Short Circuit, Poor Maintenance Reasons of Train Fires: CAG

New Delhi
Short Circuit, Poor Maintenance Reasons of Train Fires: CAG

Short circuit, poor maintenance and lack of awareness are major reasons of fire in trains, according to the findings of the Comptroller and Auditor General of India.

Besides the audit report found that the automatic smoke/fire detection device in the running trains are not successfully implemented.

Though recommendations are made by high level safety review committee and 12th Five Year Plan for introduction of fire alarm system in coaches for early detection of fire, it has not been successfully implemented, CAG noted in its latest report tabled in Parliament today.

A joint survey conducted by CAG and railway officials found that fire prone activities like cigarette smoking, cooking by vendors at stations, carrying of inflammable articles by unauthorised persons, accumulation of empty cardboard boxes and other waste materials were unchecked aggravating the risk of fire.

The report observed that Corporate safety Plan (CSP) envisaged bringing down the number of accidents by 80 per cent from 2001-02 to 2013 but number of accidents went up by 160 per cent during the period.

The loss of human lives in fire accidents in passenger coaches steeply increased from 3 in 2001-02 to 9 in 2011-12, 32 in 2012-13 and 35 in 2013-14.

It also found that the Research Designs and Standards Organisation (RDSO), the agency responsible for prescribing specifications for fire retardant materials did not have their own laboratory facilities and the proposal in 2006 to create state of the art laboratory is still in nascent stage.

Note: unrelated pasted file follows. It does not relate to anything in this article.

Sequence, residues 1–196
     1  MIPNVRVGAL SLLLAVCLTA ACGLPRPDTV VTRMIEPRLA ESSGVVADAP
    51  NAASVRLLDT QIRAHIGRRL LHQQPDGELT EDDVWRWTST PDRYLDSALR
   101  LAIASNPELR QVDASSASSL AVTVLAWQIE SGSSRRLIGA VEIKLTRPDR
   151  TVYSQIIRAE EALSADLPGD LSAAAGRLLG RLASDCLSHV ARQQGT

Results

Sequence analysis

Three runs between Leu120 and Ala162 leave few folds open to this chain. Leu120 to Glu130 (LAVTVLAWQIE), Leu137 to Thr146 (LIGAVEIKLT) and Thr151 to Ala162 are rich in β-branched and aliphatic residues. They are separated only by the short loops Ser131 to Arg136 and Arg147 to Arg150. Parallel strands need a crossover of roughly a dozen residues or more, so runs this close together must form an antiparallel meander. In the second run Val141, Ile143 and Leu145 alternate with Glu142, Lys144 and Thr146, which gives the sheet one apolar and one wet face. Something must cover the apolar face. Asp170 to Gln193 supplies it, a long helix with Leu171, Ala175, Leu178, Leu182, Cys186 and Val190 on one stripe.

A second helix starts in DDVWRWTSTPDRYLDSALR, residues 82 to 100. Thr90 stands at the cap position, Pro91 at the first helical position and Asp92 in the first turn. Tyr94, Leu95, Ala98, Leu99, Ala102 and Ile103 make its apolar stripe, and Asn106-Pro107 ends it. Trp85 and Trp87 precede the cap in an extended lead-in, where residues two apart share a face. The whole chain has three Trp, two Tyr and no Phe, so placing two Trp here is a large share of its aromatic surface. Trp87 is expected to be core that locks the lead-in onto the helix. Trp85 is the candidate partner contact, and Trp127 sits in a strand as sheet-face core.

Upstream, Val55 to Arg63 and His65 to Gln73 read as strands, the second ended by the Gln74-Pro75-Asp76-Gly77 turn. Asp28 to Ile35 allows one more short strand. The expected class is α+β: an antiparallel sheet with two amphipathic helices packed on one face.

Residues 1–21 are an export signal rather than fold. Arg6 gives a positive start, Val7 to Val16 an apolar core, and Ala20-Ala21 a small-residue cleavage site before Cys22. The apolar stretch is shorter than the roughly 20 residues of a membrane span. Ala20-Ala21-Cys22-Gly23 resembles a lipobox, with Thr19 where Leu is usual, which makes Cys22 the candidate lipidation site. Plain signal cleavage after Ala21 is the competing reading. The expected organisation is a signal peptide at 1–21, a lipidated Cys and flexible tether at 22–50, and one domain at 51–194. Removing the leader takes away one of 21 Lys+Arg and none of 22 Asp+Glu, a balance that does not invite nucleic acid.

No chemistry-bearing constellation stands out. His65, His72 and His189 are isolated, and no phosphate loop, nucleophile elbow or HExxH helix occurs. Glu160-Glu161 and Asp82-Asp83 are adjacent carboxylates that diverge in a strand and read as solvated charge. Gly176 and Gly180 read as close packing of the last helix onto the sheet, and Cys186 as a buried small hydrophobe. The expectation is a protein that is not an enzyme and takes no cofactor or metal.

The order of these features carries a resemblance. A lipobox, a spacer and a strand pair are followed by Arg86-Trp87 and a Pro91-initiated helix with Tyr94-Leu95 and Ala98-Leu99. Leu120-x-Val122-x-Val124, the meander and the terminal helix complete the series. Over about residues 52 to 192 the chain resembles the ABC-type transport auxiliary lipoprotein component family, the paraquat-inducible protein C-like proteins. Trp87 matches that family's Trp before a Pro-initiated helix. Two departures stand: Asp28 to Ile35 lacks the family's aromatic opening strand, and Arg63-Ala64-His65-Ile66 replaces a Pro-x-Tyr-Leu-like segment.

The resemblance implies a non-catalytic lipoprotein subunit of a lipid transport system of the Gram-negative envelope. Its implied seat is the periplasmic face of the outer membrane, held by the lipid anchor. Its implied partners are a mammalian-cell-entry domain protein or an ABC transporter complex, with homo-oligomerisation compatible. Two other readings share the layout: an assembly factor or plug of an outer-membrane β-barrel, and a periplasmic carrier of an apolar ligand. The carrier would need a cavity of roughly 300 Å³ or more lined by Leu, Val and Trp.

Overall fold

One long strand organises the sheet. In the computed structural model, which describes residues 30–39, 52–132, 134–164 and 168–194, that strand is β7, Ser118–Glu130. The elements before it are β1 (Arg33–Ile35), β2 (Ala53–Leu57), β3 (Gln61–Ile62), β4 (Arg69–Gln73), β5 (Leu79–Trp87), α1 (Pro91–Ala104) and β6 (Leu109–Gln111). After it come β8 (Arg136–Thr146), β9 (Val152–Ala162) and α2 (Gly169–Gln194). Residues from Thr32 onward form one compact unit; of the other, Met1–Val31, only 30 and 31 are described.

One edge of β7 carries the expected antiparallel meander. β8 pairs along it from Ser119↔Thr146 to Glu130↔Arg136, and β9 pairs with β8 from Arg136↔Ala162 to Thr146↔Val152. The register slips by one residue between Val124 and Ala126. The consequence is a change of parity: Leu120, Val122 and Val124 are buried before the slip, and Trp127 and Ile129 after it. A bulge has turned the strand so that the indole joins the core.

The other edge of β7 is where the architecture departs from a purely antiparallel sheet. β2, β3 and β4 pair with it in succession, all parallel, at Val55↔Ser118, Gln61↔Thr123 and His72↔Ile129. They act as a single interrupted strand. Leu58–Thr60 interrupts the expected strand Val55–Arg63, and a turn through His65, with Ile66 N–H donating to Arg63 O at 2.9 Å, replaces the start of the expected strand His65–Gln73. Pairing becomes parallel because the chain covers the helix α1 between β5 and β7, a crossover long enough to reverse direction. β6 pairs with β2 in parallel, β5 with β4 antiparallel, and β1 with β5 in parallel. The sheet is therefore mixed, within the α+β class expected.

The national auditor also noticed that the Railways did not enforce its instructions on shifting of junction boxes to guard cabin in SLRs, the removal of bottom latches of doors of passengers coaches.

Besides instances of non-working of exhaust fans in non-AC pantry cars, tapping of power from fan and light through open wires to connect mobile phones, non-maintenance of boilers, wiring system, chimney cooking with flame at the pantry cars noticed during the CAG survey indicated that these hazards which could contribute to the fire accidents were not adequately controlled.

As per the norm, one extinguisher in each vehicle with seated places and two extinguishers in each sleeper coach are required to be provided.

CAG noticed that the fire extinguishers were placed under the seats on the floor and inside the locked linen cabins. Fire extinguishers were not provided in the sleeper class, second sitting, general seating compartments.

It also found that the awareness campaign on fire safety are not adequately conducted by railways.

The feature of auto closing of vestibule doors which could contribute to avert the spread of fire in an accident has not been extended to non-LHB coaches, it noted.

Besides, Section 167 of Indian railways act 1989 was not amended prohibiting smoking in trains and railway premises.

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